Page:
In the stiflingly hot summer of Syria’s eleventh year of war, people across the country are facing fuel shortages and rising food prices, alongside an inflation rate that has been soaring for nearly two years. But the impact of this economic implosion isn’t hitting all Syrians equally.
The World Food Programme (WFP) says a record number of Syrians, 12.4 million out of an estimated population of 17.5 million, are now food insecure. That’s an increase of 4.5 million hungry people from last year, and has been brought on by a number of factors, including an economic slide worsened by COVID-19, neighbouring Lebanon’s own financial meltdown, and, according to some experts (and the Syrian government), the impact of US sanctions.
The economic collapse is often referred to as a “bread crisis” due to the long queues that began to spring up in late 2020 – as the Syrian pound (SYP) began to fall – outside subsidised bakeries in parts of the country controlled by the government of President Bashar al-Assad. This sparked frustration and anger, and there have even been occasional protests in government-controlled areas – a rarity given the tight control the security forces have on much of the population.
The government has been hiking up prices – it doubled the cost of subsidised bread earlier this month – as it struggles to import enough wheat to feed its population. But those hikes only apply to government-funded supplies, which are only available in limited quantities. Many essentials the government used to subsidise are now only available on the informal market (also called the parallel or black market), where prices have, for the most part, also risen.
But the financial plunge has hit Syrians across the country in different ways and levels of intensity, in part because the country is split: The northwest, in and around Idlib province, is run by rebels; the northeast is governed by a Kurdish-led administration, with the presence of al-Assad, US, and Russian forces in some locations, plus pockets of Turkish control.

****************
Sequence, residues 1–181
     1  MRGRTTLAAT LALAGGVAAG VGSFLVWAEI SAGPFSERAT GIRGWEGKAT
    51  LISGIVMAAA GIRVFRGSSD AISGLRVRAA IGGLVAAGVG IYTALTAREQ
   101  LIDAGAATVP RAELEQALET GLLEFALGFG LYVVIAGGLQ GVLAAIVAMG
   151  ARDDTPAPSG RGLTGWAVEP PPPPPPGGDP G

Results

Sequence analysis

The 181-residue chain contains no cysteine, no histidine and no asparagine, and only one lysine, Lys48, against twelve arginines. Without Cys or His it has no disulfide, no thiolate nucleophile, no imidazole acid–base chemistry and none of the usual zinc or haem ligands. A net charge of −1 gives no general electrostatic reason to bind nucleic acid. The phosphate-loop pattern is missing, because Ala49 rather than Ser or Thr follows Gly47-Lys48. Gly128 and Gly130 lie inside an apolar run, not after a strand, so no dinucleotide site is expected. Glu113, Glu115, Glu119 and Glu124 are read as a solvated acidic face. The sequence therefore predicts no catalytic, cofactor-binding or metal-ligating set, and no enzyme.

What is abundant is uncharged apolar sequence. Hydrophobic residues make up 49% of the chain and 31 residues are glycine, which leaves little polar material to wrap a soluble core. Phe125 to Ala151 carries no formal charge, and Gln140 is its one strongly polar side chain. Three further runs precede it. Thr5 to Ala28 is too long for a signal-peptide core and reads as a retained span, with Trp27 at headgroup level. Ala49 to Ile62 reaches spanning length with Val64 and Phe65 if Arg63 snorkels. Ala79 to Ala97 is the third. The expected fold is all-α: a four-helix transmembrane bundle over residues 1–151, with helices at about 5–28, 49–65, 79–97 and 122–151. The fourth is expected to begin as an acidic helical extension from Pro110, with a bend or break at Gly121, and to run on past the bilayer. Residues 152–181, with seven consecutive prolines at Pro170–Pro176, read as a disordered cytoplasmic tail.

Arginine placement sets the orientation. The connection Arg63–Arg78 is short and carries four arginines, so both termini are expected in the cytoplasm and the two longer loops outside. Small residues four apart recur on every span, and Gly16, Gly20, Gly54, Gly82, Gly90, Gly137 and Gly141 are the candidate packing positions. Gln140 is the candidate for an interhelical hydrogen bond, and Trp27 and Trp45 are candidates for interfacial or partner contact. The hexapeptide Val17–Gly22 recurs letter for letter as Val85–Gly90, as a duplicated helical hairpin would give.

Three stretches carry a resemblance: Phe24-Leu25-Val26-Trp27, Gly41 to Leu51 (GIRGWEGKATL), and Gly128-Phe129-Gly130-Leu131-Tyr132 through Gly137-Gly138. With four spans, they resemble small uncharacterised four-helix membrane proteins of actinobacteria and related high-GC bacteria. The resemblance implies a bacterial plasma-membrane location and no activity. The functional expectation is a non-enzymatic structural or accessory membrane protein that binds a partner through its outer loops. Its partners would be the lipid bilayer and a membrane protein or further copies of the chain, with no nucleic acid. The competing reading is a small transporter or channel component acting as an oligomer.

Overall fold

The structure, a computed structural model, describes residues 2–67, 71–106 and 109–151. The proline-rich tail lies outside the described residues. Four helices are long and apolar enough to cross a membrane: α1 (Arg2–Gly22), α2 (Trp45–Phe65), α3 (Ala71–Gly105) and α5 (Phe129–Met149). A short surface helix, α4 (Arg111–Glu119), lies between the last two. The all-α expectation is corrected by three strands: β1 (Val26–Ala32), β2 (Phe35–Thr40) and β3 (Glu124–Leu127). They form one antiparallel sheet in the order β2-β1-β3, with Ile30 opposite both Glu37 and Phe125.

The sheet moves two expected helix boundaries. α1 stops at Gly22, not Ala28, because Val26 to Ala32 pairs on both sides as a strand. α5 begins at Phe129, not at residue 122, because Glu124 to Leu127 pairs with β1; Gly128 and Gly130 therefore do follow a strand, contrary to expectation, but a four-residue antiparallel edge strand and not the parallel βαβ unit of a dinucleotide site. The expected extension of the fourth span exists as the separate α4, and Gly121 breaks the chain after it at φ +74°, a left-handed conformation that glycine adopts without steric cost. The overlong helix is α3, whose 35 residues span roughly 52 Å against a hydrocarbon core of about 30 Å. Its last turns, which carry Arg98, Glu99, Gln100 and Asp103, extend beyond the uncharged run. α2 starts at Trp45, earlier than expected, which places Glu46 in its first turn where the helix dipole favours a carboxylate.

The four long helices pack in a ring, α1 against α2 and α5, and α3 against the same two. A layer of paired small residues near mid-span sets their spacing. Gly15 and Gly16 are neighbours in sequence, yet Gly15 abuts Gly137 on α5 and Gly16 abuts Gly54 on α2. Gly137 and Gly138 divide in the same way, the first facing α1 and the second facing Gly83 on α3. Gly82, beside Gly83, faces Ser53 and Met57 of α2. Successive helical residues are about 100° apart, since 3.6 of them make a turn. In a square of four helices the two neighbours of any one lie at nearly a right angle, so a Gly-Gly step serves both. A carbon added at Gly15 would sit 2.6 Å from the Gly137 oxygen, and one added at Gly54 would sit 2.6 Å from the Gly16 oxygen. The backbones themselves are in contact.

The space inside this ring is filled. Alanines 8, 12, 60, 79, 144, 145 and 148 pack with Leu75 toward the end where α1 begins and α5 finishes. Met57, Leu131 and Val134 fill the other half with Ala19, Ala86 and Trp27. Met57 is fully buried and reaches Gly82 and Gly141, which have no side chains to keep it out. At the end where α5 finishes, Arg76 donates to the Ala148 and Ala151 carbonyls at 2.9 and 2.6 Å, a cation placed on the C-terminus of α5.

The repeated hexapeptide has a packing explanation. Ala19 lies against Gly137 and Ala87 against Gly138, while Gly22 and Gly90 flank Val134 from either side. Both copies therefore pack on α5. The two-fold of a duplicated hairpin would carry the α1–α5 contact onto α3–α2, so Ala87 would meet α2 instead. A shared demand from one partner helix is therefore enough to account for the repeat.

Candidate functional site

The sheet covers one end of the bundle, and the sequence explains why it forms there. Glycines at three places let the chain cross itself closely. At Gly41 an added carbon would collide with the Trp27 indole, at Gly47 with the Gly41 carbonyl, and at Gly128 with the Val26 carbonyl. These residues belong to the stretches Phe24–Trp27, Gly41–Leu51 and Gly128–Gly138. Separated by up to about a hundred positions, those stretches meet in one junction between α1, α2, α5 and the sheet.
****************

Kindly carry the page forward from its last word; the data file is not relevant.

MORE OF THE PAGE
Each part of the country has access to different markets, borders, natural resources, and sources of aid. Adding to the complicated picture is the fact that the rebel-held northwest switched to using Turkish lira last summer, in an effort to avoid the impacts of the Syrian pound’s runaway inflation.
As the following graphs show, the picture for Syrians across the country – where the UN says 13.4 million people need some sort of assistance – is overwhelmingly one of economic devastation. It’s a place where money is worth less, basics cost more, and more and more people are struggling to feed their families.
At the start of Syria’s war, one US dollar bought 46 Syrian pounds. In January 2020, it fetched 940 and in July 2021, it’s at 3,220, down from a peak of almost 4,000 in March.
The price of flour is highest in the capital city of Damascus, an al-Assad stronghold. While Syria has long grown its own wheat, its capacity to do so has been severely damaged by the war, as farmers are forced to flee and farmlands are destroyed in airstrikes. Low rain levels have also contributed to decreased production, even in northeastern Hassakeh province, typically known as the country’s “breadbasket”.